Glitch Singapore : Ten Courts of Hell

This OSS post will be a personal reflection with regards to the final group project, Glitch Singapore.


My group mates, Fizah, Minjee, Amanda and I, decided upon Haw Par Villa to base our main location upon, within Singapore itself. More specifically, we decided to tie our project in with what Haw Par Villa is most well known for; its Ten Courts of Hell.


You can find our group’s final presentation on OSS, in the embedded link right here!

The above link will also include specific details on all games through words and mini video clips.

Our artist references can also be found there.


For easier reference and convenience, attached below is the video trailer we had presented during our class presentation.




East Coast Park → Chinatown → Haw Par Villa


Under this section, the development in which our ideas took route will be explained. How our change in ideas began to pave its way along the way, allowing us to conclude upon Haw Par Villa as our final destination, demonstrates how our group managed to overcome weeks of challenges, obstacles as well as loopholes.


First Steps


Our group’s initial idea started with the concept of being abstract yet thought provoking in a sense where one’s moral values were questioned based on a situation that placed them into a rather difficult position. The initial idea we played with involved performance art; which our group members felt was something rather new to us. We wanted something that allowed for us to step out of our comfort zone and to explore something new for our final project. Our main goal was to evoke unfamiliarity and unsureness from our audience as a common response. Thus, we brought in a concept that many would usually evade as a normal societal response.


That was when our group decided upon the common theme of superstition, revolving around the ideas of ghosts and demons. We thought it would have been interesting to see the most likely, varying responses from Singapore’s public especially since the country may typically be deemed as conservative. We wanted to evoke surprise and unexpectedness from a country where traditions and culture regarding the spiritual world is usually taken with precaution.


The initial idea that we had involved a cause and effect relationship between an individual actor (played by one of our team members) and an individual audience (a passerby). This individual actor would dress up as a spiritual figure or demon, trapped within a closed-off area which we had envisioned as a marked out box. The way she would act would be dependent upon the audience’s actions and vice versa. The area would be closed off in a tent-like space with the space littered with items that could affect the spiritual being within the ‘box’. For example, if the spiritual being starts to rage out, the audience within the tent during that time would have to figure out a way to either calm or anger the spirit further through experimenting with the environment around him or her. The audience’s decision would only be influenced by his or her own values as there would be a hidden camera that they won’t know anything about. Psychologically, we didn’t want the idea of surveillance affecting their decisions in any way possible.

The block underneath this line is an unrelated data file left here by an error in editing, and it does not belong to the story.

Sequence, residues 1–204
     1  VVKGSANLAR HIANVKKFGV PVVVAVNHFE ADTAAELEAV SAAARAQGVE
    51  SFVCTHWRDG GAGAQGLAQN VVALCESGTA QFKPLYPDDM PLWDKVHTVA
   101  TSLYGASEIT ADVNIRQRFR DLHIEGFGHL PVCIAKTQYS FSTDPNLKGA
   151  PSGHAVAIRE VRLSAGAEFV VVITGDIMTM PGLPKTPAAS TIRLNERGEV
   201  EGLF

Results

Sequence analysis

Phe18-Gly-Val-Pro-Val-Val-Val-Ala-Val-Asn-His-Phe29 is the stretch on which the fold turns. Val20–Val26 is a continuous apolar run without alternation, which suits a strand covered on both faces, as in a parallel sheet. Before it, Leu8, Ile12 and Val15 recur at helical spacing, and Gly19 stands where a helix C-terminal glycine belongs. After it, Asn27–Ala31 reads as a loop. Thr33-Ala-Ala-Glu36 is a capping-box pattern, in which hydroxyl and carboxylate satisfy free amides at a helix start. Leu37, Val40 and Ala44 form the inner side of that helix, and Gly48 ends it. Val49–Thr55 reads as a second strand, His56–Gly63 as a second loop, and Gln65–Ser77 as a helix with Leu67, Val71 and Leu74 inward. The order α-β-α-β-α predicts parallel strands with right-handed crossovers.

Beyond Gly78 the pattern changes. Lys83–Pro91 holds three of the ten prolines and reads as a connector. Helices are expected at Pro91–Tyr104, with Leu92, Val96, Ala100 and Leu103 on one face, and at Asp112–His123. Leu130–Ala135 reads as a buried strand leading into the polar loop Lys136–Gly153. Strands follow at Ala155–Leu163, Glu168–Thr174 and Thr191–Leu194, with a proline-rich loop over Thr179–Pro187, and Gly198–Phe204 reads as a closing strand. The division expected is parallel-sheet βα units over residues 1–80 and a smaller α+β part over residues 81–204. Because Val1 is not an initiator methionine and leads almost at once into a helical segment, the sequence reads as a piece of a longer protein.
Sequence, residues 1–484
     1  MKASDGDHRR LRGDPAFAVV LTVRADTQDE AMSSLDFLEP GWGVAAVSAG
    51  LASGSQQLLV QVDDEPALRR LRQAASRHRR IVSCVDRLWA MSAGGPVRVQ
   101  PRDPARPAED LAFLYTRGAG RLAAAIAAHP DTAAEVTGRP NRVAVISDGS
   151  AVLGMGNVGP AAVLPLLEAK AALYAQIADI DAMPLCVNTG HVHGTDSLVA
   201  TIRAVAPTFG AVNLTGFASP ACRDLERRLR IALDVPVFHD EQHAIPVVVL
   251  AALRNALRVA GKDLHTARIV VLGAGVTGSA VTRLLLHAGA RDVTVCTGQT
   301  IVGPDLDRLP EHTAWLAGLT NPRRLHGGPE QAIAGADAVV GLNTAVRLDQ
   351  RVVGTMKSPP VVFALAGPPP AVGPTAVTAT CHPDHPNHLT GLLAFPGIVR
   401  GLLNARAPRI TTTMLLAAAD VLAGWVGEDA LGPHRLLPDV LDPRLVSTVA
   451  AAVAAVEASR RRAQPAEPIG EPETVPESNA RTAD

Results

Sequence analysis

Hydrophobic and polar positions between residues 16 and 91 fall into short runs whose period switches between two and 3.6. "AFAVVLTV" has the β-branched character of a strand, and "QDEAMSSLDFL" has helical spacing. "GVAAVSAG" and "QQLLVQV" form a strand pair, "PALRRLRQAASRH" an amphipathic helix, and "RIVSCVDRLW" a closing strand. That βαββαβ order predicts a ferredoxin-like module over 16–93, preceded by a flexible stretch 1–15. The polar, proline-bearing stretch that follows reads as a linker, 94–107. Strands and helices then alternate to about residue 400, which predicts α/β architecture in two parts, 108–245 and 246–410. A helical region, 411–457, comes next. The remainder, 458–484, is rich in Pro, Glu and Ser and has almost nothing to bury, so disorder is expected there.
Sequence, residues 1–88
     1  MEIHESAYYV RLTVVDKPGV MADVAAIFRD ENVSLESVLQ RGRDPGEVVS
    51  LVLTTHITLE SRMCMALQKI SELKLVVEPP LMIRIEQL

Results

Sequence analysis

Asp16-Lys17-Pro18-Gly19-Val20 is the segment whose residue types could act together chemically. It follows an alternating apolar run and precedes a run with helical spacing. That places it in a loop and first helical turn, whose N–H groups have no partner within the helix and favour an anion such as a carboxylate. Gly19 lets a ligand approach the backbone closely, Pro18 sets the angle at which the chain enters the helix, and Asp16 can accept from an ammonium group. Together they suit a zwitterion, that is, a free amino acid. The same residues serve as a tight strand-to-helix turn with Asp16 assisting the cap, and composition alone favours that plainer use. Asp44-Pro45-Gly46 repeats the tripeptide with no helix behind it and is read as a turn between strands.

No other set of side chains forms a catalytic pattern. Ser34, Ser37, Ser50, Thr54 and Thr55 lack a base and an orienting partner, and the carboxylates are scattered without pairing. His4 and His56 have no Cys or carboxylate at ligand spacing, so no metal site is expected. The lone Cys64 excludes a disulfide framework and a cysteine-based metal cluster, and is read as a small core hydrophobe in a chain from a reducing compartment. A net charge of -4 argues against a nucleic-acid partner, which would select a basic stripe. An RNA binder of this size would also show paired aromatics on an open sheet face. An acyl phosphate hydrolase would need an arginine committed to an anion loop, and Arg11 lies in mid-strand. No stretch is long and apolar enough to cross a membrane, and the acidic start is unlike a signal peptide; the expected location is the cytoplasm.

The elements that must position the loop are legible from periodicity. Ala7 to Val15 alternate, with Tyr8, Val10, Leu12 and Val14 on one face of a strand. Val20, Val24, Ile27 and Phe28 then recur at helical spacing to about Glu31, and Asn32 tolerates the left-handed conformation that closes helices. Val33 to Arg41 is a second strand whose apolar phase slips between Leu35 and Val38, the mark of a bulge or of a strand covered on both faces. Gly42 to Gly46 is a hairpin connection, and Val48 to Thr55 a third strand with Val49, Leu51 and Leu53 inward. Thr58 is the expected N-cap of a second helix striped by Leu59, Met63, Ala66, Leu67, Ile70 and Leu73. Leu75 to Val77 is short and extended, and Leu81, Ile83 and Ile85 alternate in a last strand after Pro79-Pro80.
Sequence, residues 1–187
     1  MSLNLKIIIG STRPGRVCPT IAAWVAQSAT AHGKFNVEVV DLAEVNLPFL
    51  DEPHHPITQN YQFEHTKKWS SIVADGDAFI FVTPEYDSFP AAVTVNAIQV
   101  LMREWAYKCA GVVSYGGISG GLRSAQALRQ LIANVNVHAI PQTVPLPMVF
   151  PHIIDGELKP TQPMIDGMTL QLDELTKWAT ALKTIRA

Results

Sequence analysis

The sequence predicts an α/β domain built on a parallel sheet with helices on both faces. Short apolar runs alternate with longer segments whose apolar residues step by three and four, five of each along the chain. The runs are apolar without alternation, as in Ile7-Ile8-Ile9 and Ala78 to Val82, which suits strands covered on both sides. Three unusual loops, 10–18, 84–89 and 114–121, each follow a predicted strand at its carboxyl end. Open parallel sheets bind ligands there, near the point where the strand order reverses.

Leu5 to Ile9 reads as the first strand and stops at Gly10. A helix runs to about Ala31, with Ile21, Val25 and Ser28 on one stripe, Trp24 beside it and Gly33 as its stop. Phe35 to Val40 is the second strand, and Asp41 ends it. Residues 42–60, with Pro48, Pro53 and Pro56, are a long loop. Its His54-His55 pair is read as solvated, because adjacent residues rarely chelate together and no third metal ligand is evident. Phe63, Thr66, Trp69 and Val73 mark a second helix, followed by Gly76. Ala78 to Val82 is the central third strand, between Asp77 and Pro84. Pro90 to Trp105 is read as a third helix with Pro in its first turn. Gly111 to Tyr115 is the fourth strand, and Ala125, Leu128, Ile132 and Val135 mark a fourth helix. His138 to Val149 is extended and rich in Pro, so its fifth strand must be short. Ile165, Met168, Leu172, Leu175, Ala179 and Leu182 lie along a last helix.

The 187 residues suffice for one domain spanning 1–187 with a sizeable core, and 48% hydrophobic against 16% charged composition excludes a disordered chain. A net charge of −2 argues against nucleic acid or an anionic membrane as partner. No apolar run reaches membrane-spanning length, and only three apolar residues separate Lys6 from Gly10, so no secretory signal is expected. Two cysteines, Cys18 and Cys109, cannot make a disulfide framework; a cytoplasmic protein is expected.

However, after our consultation with Lei, with figured out that the specificity in our location wasn’t strong enough to the concept or idea that we had in mind. The idea that we had, did not have a strong bond to the space that we were using; it seemed as though that the performance art x installation idea that we had in mind, could be moved around and held anywhere else. We also left out the idea of creating a third space. At this point of time, we were only thinking more about DIWO; the collaborative art that would be happening with each audience that enters and leaves the room; one after the other. We wanted our glitch to unfold naturally, perhaps in the form of miscommunication.

This prompted an idea of having a back story towards our entire final project. At that point of time, we still wanted to maintain the concept of superstition. We decided upon searching prominent Singapore ghost stories as a result, and eventually settled upon the infamous story of: The Yellow Tower Ghost at ECP.


East Coast Park: The Yellow Tower


As we researched on Singapore’s infamous ghost stories, we settled upon one at ECP partly due to space rental issues. Since tent set up and area rental for that purpose are known to be common at ECP, we decided that we would not have trouble with booking the space for our installation x performance art piece. With regards to strengthening our concept, we came about news articles related to an unsolved murder of a woman that happened years ago as a couple were strolling near the Yellow Tower.

We wanted to play with ideas of exorcism and killing in relation to a spirit’s actions. In our case, the same ideas previously, were applied to this backstory of the Yellow Tower. The actor, ‘trapped’ within this middle box, would hold the role of the Yellow Tower ghost’s spirit. Everything else would remain the same as the previous idea we initially had. Instead of having the audience being in full control of their own actions and values, the aspect of third space comes in with the introduction of a new total stranger. In this case, a random passerby’s location will be appointed at the Yellow Tower itself. He or she will be in command of another person’s actions. This other person will be placed within the tent itself and is in charge of the actual actions taken place to either anger or calm the spirit down. Here, our group plays with the ideas revolving, to be controlled or to be in control. Here, the controlled (audience in tent) is fully witnessing whatever happens with the spirit. The guilt of his or her actions is experienced with much more greatness in comparison to the person in control (audience at Yellow Tower), who is merely giving instructions and does not have any visual stimuli or experience to feel as much within the experimentation. Their form of communication is through a walkie talkie or a phone call. They are dependent upon one another to perform the task. Both do not know one another and are forced to quickly form a bond of trust, of some sort, in order to get through the installation. The audience inside the tent would need to describe to the audience situated at the Yellow Tower, what he or she sees in order to proceed with instructions given by them.